Pesticide Reduction Pilot Program

The Boise Parks and Recreation Department manages more than 1,600 acres of park land, and more than 5,000 acres of open space across the City of Boise. To promote sustainable practices and stay on the cutting edge of public land management, the department is planning to embark on a multi-year pilot program to study alternative land management techniques to reduce the use of pesticides on city-owned property.

“We believe we can continue to move the needle in reducing the amount of pesticides we use,” said Boise Parks and Recreation Director Doug Holloway. “We are committed to innovating and trying new things and want to use this program to gather useful data on park maintenance strategies that can inform the next update to our pest management plan city-wide.”

The goal of the pilot program is to use a variety of methods to manage grass, soil, tree wells and other landscaped areas while studying the effects of a reduction in synthetic chemical use. Methods tested on city-managed property could include organic treatments, higher and less frequent mowing, hand pulling, strategic planting or other best practices identified through emerging research. The city will also be monitoring how these methods affect maintenance standards and resource management.

Pilot Sites and Site Details

Other Locations:

  • Bethine Church River Trail (East End)
  • Garden Beds at Boise City Hall (150 N. Capitol Blvd.) and Fort Boise Community Center (700 Robbins Rd.)
  • The Pioneer Pathway (Myrtle St. to Grand Ave.)
  • Pollinator Gardens at Warm Springs Park (250 S. Marden St.) and Terry Day Park (1225 S. Federal Way)
  • Trevor’s Trek Cancer Memorial Plaza in Julia Davis Park (700 S. Capitol Blvd.)
  • Whitewater Park Blvd. Right-of-Way

The pilot sites meet a set of criteria needed to gather a variety of data on pesticide reduction tactics, study park maintenance impacts and monitor department resource management. They are also spread out throughout the City of Boise.

The department’s criteria for the inclusion of a pilot park or landscaped area includes:

  • Locations must be reasonably close to maintenance facilities to promote implementation of new strategies and regular monitoring.
  • Sites should have diverse amenities to increase the potential for learning about how maintenance needs differ according to various uses.
  • Locations should be relatively small for ease of implementation and monitoring.
  • Sites should be as well distributed as possible across the City of Boise.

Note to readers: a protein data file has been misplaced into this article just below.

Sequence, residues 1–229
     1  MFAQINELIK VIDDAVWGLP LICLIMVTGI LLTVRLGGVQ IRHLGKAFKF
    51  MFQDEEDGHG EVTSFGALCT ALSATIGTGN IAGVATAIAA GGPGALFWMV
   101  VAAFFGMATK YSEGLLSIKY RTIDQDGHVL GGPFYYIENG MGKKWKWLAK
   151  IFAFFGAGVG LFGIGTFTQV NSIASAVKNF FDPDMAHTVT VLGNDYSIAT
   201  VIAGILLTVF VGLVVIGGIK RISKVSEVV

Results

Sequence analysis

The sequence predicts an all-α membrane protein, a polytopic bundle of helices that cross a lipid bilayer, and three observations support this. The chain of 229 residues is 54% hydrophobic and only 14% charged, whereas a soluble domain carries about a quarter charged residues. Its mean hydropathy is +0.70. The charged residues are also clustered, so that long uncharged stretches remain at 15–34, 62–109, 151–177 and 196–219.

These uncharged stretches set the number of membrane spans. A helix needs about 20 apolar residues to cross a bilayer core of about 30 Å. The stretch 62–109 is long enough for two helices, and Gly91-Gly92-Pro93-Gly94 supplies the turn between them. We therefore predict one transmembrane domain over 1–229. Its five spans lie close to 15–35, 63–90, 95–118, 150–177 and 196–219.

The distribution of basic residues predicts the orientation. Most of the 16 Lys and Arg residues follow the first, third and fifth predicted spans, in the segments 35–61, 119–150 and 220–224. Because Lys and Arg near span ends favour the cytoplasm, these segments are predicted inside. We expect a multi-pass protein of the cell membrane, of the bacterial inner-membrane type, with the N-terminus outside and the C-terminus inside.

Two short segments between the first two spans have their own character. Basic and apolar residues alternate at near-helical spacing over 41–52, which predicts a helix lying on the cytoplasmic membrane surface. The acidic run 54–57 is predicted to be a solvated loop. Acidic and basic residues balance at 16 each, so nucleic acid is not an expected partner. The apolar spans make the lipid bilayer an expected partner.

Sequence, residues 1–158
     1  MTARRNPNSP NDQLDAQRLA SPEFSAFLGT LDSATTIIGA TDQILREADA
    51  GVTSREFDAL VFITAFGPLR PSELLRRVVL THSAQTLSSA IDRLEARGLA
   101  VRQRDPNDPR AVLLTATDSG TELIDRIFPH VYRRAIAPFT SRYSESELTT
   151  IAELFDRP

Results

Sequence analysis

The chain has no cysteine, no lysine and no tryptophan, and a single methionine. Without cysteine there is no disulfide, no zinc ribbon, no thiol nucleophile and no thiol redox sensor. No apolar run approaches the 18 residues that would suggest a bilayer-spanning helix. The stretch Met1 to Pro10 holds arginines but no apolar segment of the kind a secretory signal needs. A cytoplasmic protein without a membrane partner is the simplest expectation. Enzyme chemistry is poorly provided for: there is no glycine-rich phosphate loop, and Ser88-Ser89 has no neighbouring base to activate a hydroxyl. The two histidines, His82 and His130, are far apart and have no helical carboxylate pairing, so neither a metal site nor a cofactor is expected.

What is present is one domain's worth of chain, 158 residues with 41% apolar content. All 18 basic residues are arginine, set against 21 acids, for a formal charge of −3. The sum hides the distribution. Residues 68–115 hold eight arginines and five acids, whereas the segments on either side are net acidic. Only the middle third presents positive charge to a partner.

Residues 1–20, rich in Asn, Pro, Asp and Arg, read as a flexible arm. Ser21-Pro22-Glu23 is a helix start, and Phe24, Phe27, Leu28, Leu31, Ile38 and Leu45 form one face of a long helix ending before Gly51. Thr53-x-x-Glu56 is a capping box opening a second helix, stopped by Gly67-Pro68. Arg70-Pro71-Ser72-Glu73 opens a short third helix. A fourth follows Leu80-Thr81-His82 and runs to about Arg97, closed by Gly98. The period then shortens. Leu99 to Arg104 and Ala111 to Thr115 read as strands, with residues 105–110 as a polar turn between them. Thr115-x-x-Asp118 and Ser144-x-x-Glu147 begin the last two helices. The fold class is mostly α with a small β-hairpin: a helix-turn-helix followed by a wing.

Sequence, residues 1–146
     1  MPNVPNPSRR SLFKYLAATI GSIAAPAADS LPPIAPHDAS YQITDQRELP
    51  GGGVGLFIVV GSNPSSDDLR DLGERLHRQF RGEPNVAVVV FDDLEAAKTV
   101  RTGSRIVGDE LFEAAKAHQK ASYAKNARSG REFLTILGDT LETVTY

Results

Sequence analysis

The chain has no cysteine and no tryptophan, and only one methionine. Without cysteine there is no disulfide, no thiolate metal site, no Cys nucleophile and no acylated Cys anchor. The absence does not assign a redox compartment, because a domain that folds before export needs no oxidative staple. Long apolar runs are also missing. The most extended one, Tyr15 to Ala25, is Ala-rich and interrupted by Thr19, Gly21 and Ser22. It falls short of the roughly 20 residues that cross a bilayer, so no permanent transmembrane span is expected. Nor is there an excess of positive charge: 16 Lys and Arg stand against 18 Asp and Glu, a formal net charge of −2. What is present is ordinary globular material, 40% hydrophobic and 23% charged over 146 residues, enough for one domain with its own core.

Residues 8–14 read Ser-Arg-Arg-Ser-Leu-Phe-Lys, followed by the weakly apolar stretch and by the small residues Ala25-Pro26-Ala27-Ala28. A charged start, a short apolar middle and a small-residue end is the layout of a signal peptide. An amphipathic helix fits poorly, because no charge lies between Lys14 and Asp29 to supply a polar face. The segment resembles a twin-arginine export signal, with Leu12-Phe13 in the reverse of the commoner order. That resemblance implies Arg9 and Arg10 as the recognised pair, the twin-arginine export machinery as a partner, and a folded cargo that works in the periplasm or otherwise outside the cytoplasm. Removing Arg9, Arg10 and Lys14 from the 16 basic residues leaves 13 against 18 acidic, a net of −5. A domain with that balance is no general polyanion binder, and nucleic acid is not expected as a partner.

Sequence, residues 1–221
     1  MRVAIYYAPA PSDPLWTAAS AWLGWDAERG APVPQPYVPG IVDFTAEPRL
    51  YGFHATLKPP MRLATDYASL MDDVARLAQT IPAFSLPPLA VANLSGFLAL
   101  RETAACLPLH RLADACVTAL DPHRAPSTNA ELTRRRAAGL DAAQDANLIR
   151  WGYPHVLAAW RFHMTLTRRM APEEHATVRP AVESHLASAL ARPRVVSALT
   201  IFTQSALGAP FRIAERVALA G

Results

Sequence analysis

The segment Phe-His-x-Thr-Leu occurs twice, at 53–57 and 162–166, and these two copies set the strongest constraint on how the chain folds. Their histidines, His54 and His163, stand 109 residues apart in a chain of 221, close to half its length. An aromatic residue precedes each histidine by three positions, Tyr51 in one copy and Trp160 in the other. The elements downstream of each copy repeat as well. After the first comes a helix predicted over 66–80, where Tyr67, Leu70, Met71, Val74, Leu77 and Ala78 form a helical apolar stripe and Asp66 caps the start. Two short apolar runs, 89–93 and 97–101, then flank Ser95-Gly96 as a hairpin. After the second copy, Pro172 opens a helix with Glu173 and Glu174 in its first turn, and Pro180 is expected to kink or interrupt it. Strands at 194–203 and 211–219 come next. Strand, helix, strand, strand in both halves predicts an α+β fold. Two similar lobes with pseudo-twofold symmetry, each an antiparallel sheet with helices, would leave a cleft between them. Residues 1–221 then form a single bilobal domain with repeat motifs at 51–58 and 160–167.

Map of all locations 


Let us know how you think the program is going! Take a picture and share it with us.

Citizen Engagement

The department hosted two public meetings to provide information to citizens about its current weed and pest management practices, discuss the goals of the pilot program and to discuss park and facility locations that met the criteria for potential inclusion in the pilot program.

Frequently Asked Questions

Contact Us

For questions or concerns about current pest management practices or future goals, please feel free to contact the Integrated Pest Management Coordinator or Foothills Restoration Specialist:

Daniel Roop
Sustainability Specialist
Boise Parks and Recreation Department
(208) 608-7611

Martha Brabec
Foothills Restoration Specialist
Boise Parks and Recreation Department
(208) 493-2535

Sun and grass

Integrated Pest Management

Integrated Pest Management (IPM) practices reduce the spread of undesirable plants, insects, bacteria or other organisms that have a negative impact on our landscape or human health. An IPM program utilizes different tools to control pests in ways that are least impactful to the environment and most effective for getting rid of specific pests. These tools may include the application of a targeted pesticide or shifting management practices to help reduce the likelihood of pest establishment on city property.

The City of Boise Parks and Recreation Department first started using Integrated Pest Management (IPM) practices in 1995.  The department most recently updated its guidelines to improve these efforts in 2016.

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